Swords In The Time Of Shotguns

The resurgence of swords reinforces Hindutva’s fondness for Rajput rulers and Kshatriya pride and identity

Illustration: Vikas Thakur
Photo: Illustration: Vikas Thakur

Why do Hindutva followers have to display swords when they could brandish shotguns? They could exhibit at least automated or semi-automatic weapons—if not the real, then the replicated or fake ones. They have the right to display anything they like—from hatred to hurt sentiments. But why swords?

The point is that the power of the sword still flies high, writes Damon Young in ‘How Are Swords Still a Thing’:

We live in an age of anti-aircraft lasers, electromagnetic railguns, and rifle sights with ballistic computers. American drone pilots in New Mexico kill children more than 11,000 kilometres away, in Afghanistan. Swords have almost no place on the modern battlefield—even bayonets are becoming rare.

Swords have gone obsolete in combat. But they keep appearing. Leaders who travel by high-tech planes and use cutting age technology in their everyday lives wield swords at public rallies. Grooms who run big tech companies in Silicon Valley carry swords at their marriages.

Swords are out as there are wars outside. All over India, festivals such as Dussehra and Ramnavami are turning into sword rallies. From Ranchi and Hazaribagh to Gulbarga, from Haldia to Nalanda, people are marching with swords. The sword is turning into an object of worship. A sacrificial object and a celebratory artefact. Having swords is a matter of pride. More than anything else, the sword is about social status. It is about being a Kshatriya. It is about claiming the Kshatriya impunity.

The sword was always there but its resurgence is new. It already has its residual presence in a casteist-feudal society. Grooms still walk with swords as if they are not going to weddings but to wars, not to marry but to murder the bride. Brides too come with knives. The sword has been very much part of the jhanki (tableaus) and shaadi (weddings). It is decorating the memorials of heroes, leaders and martyrs. It is commemorating the histories and genealogies of communities. It is walking naked in the public sphere, diving deep into democracy. It has come with a new function and a new fascination. It is a new fetish. A new fashion.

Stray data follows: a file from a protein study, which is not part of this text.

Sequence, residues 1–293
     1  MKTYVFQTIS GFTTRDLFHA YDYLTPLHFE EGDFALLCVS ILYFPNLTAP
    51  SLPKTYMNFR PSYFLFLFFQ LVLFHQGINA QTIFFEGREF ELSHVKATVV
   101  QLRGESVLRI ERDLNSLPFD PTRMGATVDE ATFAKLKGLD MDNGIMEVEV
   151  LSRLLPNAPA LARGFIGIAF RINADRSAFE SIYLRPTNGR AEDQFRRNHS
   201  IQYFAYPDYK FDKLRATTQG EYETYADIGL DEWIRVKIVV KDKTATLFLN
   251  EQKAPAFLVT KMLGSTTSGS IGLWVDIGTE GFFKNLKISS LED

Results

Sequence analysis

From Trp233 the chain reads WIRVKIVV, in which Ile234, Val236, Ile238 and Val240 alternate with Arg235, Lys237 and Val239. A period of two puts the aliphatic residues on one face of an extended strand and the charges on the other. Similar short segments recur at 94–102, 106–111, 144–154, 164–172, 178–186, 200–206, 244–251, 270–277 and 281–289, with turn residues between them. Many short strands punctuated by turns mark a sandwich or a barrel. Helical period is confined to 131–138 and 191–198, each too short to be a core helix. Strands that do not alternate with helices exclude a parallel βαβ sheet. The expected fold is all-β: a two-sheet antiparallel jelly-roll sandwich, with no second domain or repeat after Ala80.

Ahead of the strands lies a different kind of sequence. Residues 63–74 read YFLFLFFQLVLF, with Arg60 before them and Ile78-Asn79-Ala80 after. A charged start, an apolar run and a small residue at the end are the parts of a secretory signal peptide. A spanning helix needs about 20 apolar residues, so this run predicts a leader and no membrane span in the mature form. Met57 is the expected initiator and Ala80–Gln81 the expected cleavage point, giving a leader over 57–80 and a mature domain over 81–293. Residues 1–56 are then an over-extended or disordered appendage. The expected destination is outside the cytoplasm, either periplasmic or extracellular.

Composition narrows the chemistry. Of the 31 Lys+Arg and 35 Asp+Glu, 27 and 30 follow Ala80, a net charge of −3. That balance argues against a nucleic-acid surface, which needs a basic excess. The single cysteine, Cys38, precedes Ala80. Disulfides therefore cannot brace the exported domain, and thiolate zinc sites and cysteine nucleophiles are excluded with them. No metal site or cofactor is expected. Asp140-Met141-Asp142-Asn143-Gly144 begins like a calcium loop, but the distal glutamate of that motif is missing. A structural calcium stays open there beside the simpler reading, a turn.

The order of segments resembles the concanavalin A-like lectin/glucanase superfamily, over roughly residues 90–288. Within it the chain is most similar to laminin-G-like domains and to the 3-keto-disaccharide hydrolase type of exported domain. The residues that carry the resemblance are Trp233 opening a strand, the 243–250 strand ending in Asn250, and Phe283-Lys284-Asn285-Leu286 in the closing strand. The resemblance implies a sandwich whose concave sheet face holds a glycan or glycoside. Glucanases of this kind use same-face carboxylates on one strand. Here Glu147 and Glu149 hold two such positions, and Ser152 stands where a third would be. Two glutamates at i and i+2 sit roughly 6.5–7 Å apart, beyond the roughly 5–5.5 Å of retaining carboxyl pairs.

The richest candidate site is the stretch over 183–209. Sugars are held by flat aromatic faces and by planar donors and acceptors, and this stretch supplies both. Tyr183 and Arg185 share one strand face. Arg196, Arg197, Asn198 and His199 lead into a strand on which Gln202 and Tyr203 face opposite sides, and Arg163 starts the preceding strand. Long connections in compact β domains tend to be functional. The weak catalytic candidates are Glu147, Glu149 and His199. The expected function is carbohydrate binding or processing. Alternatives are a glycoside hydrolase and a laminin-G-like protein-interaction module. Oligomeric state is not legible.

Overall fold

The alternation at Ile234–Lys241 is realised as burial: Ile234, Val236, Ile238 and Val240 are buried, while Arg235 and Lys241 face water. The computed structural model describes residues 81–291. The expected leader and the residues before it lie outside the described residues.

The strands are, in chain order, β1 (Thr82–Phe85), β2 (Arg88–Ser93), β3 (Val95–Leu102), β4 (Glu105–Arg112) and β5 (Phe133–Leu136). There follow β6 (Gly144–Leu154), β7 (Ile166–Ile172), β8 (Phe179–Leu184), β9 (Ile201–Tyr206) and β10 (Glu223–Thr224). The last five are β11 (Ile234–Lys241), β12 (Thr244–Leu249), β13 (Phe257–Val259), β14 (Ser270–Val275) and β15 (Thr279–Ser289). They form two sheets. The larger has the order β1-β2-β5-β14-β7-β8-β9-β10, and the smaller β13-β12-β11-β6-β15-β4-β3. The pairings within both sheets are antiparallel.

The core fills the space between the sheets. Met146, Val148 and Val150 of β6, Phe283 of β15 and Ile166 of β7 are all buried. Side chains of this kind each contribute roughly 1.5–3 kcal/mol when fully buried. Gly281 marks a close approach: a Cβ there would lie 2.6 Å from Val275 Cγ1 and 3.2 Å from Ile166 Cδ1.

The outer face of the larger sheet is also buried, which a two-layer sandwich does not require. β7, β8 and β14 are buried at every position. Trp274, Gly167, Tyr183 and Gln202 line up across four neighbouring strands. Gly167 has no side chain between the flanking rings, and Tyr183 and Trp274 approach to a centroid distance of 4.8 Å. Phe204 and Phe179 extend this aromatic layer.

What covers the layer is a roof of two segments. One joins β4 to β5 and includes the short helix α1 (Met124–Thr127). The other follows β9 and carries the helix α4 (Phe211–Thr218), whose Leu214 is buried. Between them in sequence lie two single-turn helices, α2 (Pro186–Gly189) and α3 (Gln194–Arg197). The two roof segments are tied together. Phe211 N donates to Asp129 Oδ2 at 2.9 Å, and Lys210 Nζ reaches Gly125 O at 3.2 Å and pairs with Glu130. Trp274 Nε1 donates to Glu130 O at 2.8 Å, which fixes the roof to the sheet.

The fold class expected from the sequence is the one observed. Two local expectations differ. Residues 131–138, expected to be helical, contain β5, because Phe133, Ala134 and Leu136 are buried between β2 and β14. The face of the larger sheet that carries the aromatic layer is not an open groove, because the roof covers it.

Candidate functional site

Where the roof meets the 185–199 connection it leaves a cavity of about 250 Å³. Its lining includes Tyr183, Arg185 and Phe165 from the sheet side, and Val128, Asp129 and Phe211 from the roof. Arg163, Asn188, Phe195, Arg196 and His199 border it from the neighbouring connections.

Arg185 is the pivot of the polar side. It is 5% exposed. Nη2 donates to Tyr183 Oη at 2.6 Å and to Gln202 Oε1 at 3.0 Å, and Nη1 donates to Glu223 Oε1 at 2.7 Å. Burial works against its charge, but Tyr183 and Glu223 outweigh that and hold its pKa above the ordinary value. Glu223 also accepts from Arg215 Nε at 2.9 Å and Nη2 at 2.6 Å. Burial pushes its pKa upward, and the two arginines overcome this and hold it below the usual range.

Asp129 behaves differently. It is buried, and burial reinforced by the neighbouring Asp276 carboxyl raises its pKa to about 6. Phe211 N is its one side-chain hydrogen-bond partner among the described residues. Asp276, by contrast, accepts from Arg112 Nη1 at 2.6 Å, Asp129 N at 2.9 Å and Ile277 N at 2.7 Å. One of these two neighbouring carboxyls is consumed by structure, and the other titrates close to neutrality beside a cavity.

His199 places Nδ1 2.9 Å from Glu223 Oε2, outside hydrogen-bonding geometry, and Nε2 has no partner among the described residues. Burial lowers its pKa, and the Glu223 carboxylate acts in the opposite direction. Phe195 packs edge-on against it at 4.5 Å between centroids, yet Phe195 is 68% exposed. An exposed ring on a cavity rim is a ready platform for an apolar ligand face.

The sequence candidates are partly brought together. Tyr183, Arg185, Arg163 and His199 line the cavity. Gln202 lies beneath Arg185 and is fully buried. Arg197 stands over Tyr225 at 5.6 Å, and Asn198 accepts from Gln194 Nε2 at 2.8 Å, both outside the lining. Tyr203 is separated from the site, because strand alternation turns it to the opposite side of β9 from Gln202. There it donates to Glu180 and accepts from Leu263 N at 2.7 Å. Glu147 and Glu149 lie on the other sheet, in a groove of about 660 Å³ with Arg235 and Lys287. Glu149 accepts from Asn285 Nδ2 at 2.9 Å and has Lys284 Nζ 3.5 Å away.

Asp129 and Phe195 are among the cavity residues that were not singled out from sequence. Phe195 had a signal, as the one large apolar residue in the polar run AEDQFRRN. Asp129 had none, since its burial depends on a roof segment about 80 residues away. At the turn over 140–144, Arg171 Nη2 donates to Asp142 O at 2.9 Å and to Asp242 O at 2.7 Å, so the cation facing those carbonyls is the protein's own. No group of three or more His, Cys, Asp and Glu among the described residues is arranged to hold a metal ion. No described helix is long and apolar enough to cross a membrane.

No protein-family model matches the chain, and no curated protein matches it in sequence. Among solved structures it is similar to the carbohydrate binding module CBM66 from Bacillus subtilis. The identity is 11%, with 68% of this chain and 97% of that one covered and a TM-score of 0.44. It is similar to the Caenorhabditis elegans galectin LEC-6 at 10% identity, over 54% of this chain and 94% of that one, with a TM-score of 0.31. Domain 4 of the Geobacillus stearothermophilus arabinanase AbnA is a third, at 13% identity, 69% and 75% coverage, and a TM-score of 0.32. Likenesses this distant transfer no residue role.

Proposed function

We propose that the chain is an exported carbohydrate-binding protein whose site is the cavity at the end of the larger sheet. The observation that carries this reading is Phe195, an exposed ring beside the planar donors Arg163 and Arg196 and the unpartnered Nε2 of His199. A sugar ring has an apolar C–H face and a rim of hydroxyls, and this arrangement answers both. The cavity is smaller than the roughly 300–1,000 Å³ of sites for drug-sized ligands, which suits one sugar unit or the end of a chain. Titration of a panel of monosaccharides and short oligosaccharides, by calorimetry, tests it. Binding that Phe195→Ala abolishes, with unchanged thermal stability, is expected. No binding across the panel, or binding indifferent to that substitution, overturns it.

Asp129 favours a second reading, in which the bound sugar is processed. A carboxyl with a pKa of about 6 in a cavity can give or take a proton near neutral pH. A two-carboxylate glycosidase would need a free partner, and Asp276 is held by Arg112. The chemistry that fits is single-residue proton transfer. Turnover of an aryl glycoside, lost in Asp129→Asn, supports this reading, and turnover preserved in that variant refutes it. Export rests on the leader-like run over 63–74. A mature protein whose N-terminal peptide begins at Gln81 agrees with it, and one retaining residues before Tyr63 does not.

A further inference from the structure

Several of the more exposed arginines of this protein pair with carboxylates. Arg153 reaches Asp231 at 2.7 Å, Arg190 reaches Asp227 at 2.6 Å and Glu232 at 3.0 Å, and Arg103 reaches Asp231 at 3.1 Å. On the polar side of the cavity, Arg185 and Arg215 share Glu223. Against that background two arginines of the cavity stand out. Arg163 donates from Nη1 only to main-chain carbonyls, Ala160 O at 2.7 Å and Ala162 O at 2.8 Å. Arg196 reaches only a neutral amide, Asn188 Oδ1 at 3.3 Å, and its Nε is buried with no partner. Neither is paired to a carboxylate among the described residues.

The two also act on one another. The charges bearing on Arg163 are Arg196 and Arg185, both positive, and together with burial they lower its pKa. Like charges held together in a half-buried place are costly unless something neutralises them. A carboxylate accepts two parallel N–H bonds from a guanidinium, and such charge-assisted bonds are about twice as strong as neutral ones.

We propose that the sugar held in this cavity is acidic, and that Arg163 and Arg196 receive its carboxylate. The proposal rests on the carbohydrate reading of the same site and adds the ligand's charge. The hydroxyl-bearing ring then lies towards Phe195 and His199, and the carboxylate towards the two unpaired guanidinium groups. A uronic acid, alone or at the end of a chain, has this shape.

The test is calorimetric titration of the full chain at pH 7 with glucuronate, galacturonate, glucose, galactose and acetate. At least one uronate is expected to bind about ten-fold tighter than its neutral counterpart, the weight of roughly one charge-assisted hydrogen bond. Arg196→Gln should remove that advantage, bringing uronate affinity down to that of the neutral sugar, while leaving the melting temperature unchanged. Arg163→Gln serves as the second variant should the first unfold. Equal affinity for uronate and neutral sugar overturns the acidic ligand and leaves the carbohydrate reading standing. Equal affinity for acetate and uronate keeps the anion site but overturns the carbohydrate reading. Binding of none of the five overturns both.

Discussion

A sword denotes power through its physicality, but its real presence is psychological. It symbolises valour, hatred and fear. As a mythical weapon, it manifests supernatural power.

A sword is a weapon and more than a weapon. It cuts more than it cuts. The sword has seen a strong resurgence in recent years. With the rise of Hindutva politics, its presence has been massively felt. The association of Hindutva and the sword is not an uncanny one. It is not surprising that we are seeing more swords than we have ever seen in the near past. Its presence is overpowering. But the sword is also about exaggeration and embellishment. Have you heard about the swords of Rana Pratap weighing more than his body and measuring more than his kingdom?

It is not surprising that we are seeing more swords than we have ever seen in the near past. Its presence is overpowering.

The Sword is About Symbolic Power

The sword is about tacit and unconscious modes of domination. More than cut value—how much flesh it takes out, it is about cult value—how much of a fetish it can create. Its power lies in its aura, oration and announcement. The question is not to ask what one can do with a sword but what a sword can do to the one who holds it.

If a royal sword sends a bearer to royal power, the ritualised sword sends bearers into a trance. They enter the monumentalised pasts. They take a leap and enter the myth. They enter the history of the medieval past. It makes the bearers believe that they are flag bearers of history. It gives the bearers a sense of ancestry. They feel that they have the divine right to rule; the right to inflict violence on the subjects. A sword bearer often speaks on behalf of everyone. A sword bearer becomes our leader with the same psychology.

The power of a sword does not lie in its physicality but in its ritualised and aestheticised power; not necessarily in its security but in its sacredness. The power of a sword does not lie on its sharp edge, but in its muscular hold; in the narratives told by the bards who rarely had power to use the sword but always sang about it. Power does not necessarily lie in the action that a sword performs but in its immaculate appearance. Kings used to decorate their swords more than their moustaches—bodily pride. Moustaches would appear like swords. And swords like moustaches. It is not surprising that kings had their swords elegantly designed and their blades inlaid with silver, pearls and gold.